„Compositae dermatitis confined to exposed skin has often been considered on clinical grounds to be airborne. Although anecdotal clinical and plant chemical reports suggest true airborne allergy, no proof has been procured. Feverfew (Tanacetum parthenium) is a European Compositae plant suspected of causing airborne contact allergy, and its most important allergen is the sesquiterpene lactone (SQL) parthenolide (PHL)… Feverfew-allergic patients were patch tested with extracts and fractions containing volatile monoterpenes and sesquiterpenes as well as extracts of airborne particles from flowering feverfew plants, obtained by fractionation of ether extracts, dynamic headspace and high-volume air sampler (HIVAS) technique, respectively… Among 12 feverfew-allergic patients, eight had positive patch-test reactions to a HIVAS filter extract, while two tested positive to a headspace extract. Subsequent analysis of the HIVAS extract by gas chromatography and mass spectrometry detected PHL in a concentration of 510 ng mL−1 in the HIVAS extract. Testing with a dilution series of PHL showed positive reactions down to 8·1 ng in selected patients. None of the 12 patients tested positive to monoterpenes or sesquiterpenes, whether they were oxidized or not… The clinical results have proved that some feverfew-allergic patients are sensitive to airborne particles released from the plant, and isolation of PHL from the particle-containing HIVAS extract in allergenic amounts is strong evidence of PHL as the responsible allergen.“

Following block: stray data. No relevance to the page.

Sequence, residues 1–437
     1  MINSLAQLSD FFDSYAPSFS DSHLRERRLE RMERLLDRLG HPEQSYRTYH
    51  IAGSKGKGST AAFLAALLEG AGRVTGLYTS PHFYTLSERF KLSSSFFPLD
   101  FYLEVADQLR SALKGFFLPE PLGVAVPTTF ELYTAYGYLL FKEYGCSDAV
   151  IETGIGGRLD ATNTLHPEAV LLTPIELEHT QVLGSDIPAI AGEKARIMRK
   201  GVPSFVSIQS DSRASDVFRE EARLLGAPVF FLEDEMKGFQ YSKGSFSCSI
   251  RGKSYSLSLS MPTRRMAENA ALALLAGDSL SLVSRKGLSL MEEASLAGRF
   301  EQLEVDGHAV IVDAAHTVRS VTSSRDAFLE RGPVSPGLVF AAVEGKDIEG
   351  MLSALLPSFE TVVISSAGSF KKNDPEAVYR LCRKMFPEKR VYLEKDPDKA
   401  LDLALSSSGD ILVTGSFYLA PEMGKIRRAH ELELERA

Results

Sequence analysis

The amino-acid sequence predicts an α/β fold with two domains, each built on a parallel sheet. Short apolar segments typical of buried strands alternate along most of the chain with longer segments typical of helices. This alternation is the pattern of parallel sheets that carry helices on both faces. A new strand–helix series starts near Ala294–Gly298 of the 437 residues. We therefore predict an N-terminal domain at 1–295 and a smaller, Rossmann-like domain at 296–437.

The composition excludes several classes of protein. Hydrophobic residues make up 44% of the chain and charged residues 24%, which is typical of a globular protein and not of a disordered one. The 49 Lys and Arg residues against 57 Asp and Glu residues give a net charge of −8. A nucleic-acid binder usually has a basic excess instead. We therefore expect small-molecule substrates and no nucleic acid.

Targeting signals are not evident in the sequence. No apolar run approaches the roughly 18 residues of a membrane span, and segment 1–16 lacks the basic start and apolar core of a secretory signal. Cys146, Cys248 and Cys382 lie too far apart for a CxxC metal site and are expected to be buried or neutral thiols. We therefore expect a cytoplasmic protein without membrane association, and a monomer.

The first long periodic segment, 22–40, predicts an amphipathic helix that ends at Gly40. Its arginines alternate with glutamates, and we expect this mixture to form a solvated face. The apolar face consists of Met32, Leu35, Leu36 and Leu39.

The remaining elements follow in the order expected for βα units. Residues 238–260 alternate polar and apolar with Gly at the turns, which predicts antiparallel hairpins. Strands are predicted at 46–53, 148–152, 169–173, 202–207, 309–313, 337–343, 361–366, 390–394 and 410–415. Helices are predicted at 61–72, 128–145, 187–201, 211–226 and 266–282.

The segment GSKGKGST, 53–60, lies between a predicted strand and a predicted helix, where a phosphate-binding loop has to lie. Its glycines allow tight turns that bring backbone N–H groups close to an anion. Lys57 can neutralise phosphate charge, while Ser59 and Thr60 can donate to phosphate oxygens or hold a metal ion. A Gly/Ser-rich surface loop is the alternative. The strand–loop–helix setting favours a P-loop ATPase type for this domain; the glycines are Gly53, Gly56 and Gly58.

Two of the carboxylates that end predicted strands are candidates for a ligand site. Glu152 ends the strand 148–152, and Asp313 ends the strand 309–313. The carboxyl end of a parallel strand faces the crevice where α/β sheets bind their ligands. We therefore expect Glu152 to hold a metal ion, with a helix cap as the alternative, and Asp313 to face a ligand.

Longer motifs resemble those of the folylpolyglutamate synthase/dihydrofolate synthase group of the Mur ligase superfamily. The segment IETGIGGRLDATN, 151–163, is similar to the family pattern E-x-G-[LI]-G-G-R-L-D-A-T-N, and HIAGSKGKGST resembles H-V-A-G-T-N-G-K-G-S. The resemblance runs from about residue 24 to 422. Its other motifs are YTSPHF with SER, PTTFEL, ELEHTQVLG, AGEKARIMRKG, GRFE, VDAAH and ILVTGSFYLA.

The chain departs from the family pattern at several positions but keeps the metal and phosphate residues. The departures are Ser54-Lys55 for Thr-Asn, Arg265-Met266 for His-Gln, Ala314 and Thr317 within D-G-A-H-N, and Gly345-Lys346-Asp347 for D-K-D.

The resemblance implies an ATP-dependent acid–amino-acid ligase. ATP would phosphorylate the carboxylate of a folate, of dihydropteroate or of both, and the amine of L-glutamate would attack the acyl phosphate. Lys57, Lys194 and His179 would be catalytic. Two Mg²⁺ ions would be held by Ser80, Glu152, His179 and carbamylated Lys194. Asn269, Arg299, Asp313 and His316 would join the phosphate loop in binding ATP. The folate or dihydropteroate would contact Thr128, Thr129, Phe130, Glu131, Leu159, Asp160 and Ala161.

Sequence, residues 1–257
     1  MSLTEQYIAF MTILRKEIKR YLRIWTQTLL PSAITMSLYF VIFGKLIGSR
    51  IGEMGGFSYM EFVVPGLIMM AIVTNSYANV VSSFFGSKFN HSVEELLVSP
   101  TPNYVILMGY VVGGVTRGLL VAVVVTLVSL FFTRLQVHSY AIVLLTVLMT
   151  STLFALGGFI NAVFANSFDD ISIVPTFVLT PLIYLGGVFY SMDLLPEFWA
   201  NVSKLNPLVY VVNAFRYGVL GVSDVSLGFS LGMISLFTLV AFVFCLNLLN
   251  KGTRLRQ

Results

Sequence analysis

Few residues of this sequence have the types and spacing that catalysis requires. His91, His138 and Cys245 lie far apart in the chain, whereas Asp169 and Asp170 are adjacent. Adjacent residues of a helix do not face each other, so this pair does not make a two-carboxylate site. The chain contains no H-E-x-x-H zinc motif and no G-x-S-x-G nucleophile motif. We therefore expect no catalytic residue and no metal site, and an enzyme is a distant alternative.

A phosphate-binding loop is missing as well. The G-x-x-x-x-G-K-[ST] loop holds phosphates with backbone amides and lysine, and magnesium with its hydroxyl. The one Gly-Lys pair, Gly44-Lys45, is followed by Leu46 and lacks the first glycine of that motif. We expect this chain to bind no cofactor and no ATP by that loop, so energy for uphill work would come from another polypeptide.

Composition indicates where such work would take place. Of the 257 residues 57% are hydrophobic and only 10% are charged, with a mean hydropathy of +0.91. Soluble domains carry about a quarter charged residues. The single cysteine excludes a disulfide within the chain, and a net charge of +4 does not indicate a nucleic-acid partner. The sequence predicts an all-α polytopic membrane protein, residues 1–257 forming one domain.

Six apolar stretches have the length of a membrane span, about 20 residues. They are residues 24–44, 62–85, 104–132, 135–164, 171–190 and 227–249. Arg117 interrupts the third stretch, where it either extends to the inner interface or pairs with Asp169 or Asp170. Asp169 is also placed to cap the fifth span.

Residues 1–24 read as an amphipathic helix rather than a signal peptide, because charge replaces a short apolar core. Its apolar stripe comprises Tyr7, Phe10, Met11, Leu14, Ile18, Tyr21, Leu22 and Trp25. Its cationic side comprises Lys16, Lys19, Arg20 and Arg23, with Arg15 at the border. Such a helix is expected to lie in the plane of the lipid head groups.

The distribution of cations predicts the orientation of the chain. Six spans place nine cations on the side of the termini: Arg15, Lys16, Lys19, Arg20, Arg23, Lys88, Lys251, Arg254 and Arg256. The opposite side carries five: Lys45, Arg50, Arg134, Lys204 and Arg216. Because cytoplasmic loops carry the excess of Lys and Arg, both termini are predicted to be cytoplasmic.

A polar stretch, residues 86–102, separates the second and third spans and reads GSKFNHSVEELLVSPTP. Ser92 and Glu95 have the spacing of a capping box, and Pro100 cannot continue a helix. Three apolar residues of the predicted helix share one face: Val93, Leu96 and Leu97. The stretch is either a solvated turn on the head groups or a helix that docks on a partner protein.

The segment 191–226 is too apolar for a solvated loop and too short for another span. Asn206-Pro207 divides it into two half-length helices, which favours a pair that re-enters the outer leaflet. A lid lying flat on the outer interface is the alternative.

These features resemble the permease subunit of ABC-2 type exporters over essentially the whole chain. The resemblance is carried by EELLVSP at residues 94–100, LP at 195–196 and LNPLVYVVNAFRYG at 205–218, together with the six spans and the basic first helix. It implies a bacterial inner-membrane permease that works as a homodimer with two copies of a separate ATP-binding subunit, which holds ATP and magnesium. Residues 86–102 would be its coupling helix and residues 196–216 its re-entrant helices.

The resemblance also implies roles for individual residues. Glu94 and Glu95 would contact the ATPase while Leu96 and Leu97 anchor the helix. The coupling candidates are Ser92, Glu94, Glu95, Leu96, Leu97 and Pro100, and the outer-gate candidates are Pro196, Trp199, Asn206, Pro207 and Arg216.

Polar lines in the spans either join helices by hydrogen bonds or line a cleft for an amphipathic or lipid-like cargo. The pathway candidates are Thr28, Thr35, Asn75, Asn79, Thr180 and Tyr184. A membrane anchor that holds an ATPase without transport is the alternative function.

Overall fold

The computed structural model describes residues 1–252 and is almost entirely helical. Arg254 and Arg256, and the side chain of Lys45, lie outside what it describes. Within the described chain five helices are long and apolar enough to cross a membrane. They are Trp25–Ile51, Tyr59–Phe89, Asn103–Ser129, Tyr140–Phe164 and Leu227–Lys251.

[Compositae dermatitis from airborne parthenolide., Paulsen, E., Christensen, L. P., Andersen, K. E., British Journal of Dermatology, Vol.156(3), 2007, 510-515]

„The essential oil of T. parthenium was obtained by hydrodistillation in three developmental stages and analyzed by gas chromatography-mass spectrometry… Twenty-nine components were identified in the essential oil; the highest amount was extracted at the flowering stage. The main component, in the flowering stage, was camphor (18.94%) and other major components were bornyl acetate (18.35%), camphene (13.74%), bornyl isovalerate (3.15%), borneol (10.93%), juniper camphor (6.23%) and β-eudesmol (2.65%).“
[Chemical composition, antibacterial activity and cytotoxicity of essential oils of Tanacetum parthenium in different developmental stages., Mohsenzadeh, F., Chehregani, A., Amiri, H., Pharmaceutical biology, Vol.49(9), 2011, 920-926]

Tanacetum parthenium as Chrysanthemum parthenium
Köhler, F.E., Medizinal Pflanzen, vol.3 t.56 (1890)

Tanacetum parthenium; author: Rolf Marschner (2016),

tanacetum_parthenium_l._sch._bip.txt · Zuletzt geändert: 2017/07/01 17:29 von andreas